How corporations are enabling access to high-security apps
By Mark Diodati, research vice president, Gartner
The surge in the use of adaptive authentication has many ramifications for general authentication, but perhaps the most interesting is its impact on elevated authentication. This is where elevated will see its second act.
Adaptive authentication leverages behind-the-scenes techniques to raise the assurance level of primary authentication mechanisms without any user interaction, for example checking an IP address, the geo-location on a user’s phone, and so on. But what if the inevitable happens: adaptive authentication becomes so good that it announces itself as the primary authentication mechanism? That’s where elevated authentication enters its second act by enabling enterprises to put in place other authentication mechanisms for access to higher-security information and applications.
The first act
When it comes to authentication, enterprises have always lived on the painful edge of the “security vs. usability” debate. Authentication methods must deliver enough identity assurance to match the application’s requirements. But when enterprises make draconian authentication choices, users will revolt or find a way to bypass the authentication system.
Elevated authentication was born from the security vs. usability debate. Rather than treat every application as the same, elevated authentication introduced tougher methods only when they’re needed – when applications with higher assurance levels are accessed.
Before it could see broad deployment, elevated authentication required the arrival of Web Access Management systems – think Netegrity Siteminder, now owned by CA Technologies. A Web Access Management policy engine supports multiple authentication methods, and can rank them in order of assurance. The administrator also assigns assurance levels to applications, which enables a scaled approach for authentication in general, particularly elevated authentication. If a user attempts to access a higher-assurance application without the right method, the Web Access Management system prompts for re-authentication.
Traditional elevated authentication example
There are many examples of elevated authentication and it remains a part of the enterprise authentication strategy. Suppose you have an environment where users authenticate with a password to Active Directory at their domain-joined workstation. Active Directory returns Kerberos credentials, which will be used for access to applications.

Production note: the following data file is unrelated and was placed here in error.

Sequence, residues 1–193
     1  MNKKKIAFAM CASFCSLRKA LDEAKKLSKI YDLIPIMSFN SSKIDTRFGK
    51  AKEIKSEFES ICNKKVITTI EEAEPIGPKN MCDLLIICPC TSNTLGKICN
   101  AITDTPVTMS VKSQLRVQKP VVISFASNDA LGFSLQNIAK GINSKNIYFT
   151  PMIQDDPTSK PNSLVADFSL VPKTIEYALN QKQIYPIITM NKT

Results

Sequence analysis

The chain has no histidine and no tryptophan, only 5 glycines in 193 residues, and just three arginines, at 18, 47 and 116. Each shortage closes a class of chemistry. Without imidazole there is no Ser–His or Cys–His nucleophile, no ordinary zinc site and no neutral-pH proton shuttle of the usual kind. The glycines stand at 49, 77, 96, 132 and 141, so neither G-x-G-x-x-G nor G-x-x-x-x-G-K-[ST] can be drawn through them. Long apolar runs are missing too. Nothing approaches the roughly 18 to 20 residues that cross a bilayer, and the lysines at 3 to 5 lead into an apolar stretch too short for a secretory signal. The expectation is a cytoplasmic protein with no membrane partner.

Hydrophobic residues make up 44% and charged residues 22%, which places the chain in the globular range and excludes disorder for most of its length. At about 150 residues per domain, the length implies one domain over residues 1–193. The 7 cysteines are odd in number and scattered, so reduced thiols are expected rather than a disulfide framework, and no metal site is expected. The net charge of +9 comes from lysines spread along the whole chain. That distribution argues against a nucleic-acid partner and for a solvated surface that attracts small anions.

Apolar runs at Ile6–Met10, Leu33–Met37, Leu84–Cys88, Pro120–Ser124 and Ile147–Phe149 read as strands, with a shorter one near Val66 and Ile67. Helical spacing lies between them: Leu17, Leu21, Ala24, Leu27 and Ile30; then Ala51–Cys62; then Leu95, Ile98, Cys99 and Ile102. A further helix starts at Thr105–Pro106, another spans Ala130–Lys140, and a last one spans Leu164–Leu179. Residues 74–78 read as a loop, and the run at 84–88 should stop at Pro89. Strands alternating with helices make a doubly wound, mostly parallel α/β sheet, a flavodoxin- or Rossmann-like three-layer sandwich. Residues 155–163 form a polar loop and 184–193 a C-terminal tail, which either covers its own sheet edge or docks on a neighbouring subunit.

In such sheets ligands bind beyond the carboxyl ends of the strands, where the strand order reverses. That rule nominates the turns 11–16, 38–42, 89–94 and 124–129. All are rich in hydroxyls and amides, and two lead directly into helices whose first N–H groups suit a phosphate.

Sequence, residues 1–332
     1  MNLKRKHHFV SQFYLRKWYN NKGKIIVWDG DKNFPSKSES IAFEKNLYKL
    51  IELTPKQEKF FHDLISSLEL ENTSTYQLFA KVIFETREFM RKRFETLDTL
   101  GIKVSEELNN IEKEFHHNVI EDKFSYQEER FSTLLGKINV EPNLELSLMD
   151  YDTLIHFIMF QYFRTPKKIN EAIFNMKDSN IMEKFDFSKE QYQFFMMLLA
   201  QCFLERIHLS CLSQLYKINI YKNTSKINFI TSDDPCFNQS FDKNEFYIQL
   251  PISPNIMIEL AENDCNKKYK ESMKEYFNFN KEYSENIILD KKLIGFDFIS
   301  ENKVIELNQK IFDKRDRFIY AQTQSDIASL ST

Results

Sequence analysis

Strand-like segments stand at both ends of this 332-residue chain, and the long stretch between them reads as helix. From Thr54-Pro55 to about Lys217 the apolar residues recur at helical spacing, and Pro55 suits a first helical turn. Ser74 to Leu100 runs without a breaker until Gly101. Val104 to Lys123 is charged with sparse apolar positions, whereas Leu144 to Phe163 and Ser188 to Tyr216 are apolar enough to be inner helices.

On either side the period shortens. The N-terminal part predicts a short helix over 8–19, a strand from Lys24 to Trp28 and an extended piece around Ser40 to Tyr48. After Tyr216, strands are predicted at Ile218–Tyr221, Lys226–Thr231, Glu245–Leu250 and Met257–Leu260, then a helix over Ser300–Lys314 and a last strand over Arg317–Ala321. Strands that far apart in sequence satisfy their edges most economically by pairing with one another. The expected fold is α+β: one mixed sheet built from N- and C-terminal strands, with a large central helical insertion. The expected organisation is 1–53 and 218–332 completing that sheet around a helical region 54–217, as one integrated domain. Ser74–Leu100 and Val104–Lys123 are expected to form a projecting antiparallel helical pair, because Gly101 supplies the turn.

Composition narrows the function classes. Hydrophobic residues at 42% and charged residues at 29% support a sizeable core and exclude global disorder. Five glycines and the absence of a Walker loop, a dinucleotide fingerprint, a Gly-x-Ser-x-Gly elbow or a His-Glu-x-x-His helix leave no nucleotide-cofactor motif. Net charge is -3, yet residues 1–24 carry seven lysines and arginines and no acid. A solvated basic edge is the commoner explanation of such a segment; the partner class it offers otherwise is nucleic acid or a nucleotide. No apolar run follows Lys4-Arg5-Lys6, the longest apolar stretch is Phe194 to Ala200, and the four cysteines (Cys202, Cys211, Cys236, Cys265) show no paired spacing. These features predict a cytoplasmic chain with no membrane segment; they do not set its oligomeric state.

When the user attempts to access a Web Access Management-protected application, the Kerberos credential is presented as proof of authentication. The system issues an HTTP cookie that will provide access to other protected applications. The user can access subsequent lower-assurance applications without re-authentication. But when the user attempts access to a Web Access Management-protected application that requires higher-assurance authentication – such as human resources or financial applications – the user is prompted to authenticate with a higher-assurance authentication method, for example a one-time password from a mobile device.
After the first elevated authentication, the user can access other higher-assurance applications without re-authentication. If the user’s first authentication to the Web Access Management system is via OTP, then the user may access both high and low assurance applications without re-authentication.
In the pursuit of minimizing usability concerns, the elevated authentication method is used only when required. If users access only lower-assurance applications, there is no need to use the elevated – and less usable – authentication method.
Elevated authentication can also be tied to specific situations or users. For example, many organizations will force an elevated authentication based upon network awareness, such as if the user is remote. Similarly, elevated authentication may hinge around user privilege, with highly-privileged users forced to elevate.